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README.md
audio3.cpp
audioserver.js
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README.md

Photon Audio Sample 3

Sample program for streaming audio from a Particle Photon to a node.js server over TCP using DMA!

Prototype Image

This simple project uses an [Adafruit 1713] (https://www.adafruit.com/products/1713) Electret Microphone Amplifier - MAX9814 with Auto Gain Control to capture audio on the Photon, then sends the data via TCP to a server.

I used a local server running node.js to receive and process the files in this case, but the data rate is only 64K bytes/second so it should work over the Internet, as well.

Because of the efficiency of having the processor do all of the work using hardware timers and DMA, it easily runs sampling at 32000 Hz with 16-bit samples!

Photon Side

The connections from the microphone board are:

  • AR - No connection
  • Out - Audio out (analog) to Photon A0
  • Gain - No connection
  • VDD - 3V3
  • GND - GND

Then you just need to flash the [audio3.cpp] (https://github.com/rickkas7/photonAudio/blob/master/audio3/audio3.cpp) file to your Photon. Make sure you edit the IP address of your server!

The code has many comments and should be self-explanatory.

I should warn you that this code is quite experimental as I only just learned how to do this crazy DMA audio stuff on the Photon. There might be better ways to do this, but it does work and might be a good starting point if you want to do this.

I found [this code example] (https://my.st.com/public/STe2ecommunities/mcu/Lists/cortex_mx_stm32/Flat.aspx?RootFolder=https%3a%2f%2fmy%2est%2ecom%2fpublic%2fSTe2ecommunities%2fmcu%2fLists%2fcortex_mx_stm32%2fstm32f207%20ADC%2bTIMER%2bDMA%20%20Poor%20Peripheral%20Library%20Examples&FolderCTID=0x01200200770978C69A1141439FE559EB459D7580009C4E14902C3CDE46A77F0FFD06506F5B&currentviews=6249) on the Internet and it was invaluable.

The [STM32 standard peripheral library] (http://www.st.com/content/st_com/en/products/embedded-software/mcus-embedded-software/stm32-embedded-software/stm32-standard-peripheral-libraries.html) documentation for the STM32F2xx is also quite helpful.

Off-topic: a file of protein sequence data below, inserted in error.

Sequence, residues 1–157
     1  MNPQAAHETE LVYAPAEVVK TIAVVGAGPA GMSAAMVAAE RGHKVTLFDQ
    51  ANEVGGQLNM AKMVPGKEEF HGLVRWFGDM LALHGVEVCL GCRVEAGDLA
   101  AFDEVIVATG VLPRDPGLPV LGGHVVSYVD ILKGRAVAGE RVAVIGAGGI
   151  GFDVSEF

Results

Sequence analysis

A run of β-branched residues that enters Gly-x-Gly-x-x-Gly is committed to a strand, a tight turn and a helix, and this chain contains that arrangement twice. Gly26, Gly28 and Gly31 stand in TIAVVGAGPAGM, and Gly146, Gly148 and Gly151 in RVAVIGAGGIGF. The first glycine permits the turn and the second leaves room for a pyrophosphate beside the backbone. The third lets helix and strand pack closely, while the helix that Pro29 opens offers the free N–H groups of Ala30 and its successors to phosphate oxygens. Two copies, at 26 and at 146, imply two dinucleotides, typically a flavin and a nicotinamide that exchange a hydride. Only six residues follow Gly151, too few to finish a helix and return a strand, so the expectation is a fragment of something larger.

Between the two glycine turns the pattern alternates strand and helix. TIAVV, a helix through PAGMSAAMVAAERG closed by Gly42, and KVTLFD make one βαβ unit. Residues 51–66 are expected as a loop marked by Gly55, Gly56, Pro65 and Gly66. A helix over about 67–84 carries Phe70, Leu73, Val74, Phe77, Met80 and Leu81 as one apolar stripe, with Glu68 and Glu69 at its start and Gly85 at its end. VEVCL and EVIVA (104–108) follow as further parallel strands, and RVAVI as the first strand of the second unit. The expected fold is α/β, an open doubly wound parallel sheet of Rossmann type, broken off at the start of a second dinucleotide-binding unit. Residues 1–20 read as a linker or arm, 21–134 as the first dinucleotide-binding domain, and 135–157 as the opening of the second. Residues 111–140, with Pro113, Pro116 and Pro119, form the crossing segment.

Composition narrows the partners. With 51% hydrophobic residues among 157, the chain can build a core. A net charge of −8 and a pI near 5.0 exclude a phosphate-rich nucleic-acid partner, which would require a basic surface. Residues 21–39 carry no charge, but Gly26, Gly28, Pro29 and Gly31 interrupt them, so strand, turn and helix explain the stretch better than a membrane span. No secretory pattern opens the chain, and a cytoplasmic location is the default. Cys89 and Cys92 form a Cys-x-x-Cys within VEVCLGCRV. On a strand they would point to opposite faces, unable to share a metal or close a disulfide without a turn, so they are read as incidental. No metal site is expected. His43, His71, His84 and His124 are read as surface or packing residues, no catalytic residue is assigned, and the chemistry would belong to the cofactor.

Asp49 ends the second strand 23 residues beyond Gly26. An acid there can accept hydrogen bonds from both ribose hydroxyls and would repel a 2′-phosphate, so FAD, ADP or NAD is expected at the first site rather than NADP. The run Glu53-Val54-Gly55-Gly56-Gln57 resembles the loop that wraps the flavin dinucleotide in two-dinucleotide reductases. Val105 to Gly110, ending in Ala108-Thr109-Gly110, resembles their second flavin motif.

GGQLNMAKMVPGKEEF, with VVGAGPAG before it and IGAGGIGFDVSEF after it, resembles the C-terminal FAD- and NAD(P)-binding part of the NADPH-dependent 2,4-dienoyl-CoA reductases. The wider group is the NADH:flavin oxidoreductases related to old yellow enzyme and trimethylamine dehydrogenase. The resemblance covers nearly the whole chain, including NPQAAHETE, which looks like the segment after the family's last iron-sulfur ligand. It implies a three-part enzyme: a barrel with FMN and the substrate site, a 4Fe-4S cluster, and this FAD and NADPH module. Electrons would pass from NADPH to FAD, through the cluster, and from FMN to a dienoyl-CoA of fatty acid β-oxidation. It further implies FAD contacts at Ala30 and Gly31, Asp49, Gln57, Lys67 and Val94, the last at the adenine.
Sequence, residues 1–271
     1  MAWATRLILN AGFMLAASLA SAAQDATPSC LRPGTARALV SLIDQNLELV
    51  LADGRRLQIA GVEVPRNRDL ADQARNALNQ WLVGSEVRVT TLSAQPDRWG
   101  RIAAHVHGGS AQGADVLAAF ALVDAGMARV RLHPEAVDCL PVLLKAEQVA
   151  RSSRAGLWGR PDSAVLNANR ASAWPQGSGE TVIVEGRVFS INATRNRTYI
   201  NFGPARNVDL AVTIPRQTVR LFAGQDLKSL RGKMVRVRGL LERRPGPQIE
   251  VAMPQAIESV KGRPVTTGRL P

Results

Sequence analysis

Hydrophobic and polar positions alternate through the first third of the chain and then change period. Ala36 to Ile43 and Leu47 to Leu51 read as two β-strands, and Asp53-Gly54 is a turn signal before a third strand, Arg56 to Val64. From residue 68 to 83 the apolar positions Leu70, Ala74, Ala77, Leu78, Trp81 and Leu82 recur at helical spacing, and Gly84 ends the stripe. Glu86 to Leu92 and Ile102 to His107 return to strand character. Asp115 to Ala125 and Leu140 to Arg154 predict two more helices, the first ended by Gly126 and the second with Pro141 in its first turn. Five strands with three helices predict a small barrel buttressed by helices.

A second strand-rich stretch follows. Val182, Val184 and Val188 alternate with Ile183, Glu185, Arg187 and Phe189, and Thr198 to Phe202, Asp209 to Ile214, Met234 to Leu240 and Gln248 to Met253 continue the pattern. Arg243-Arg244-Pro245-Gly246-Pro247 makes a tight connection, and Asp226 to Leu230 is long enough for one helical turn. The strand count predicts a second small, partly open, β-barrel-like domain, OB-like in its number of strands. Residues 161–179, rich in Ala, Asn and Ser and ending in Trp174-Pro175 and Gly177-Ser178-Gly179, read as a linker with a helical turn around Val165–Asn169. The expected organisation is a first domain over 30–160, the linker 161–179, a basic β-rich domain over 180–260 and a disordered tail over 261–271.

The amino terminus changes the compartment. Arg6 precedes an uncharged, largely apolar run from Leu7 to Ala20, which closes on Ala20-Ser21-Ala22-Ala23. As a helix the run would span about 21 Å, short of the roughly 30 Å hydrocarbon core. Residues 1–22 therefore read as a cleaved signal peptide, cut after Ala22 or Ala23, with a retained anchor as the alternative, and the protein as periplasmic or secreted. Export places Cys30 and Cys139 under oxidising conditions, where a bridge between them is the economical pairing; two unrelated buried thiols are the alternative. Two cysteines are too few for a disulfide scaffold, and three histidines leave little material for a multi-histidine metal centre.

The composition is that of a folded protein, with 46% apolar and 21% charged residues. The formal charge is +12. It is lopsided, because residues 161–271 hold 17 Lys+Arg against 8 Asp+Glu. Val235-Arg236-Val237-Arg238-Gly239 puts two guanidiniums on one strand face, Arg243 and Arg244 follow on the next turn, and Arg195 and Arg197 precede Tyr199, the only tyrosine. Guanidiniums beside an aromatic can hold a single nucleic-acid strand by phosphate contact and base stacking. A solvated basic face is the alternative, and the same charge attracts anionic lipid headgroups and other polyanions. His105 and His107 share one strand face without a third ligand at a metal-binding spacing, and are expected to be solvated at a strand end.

The idea is that instead of having a timer that kicks off for every sample, you just set up the ADC, Timer and DMA once, and tell the hardware to go to town. The hardware grabs the samples continuously without using the main processor.

From the main loop we poll to see if there's a buffer ready to be transmitted, do some light processing of the data and send it off. The good part is that this is not particularly timing-sensitive.

Server Side

The server-side code is written in [node.js] (https://nodejs.org). You'll want to copy the [audioserver.js] (https://github.com/rickkas7/photonAudio/blob/master/audio3/audioserver.js) file to your computer.

It requires the standard Node 4.5.0 features plus the [wav package] (https://github.com/TooTallNate/node-wav) to output the audio files. You install it using:

npm install wav

Then you run the server:

node audioserver.js

A directory called out will be created in the same directory and will contain audio files like 00001.wav, 00002.wav, etc.. You should be able to play these on your computer.

Using It

With the code loaded on the Photon and the server running, hit the SETUP button to being recording. The blue D7 LED turns on after a connection is made to the server. Recording stops when you hit the SETUP button again, or the maximum recording time is reached. That's currently 30 seconds, but there's really nothing on either side that requires that limit. It could be hours if you wanted it to be.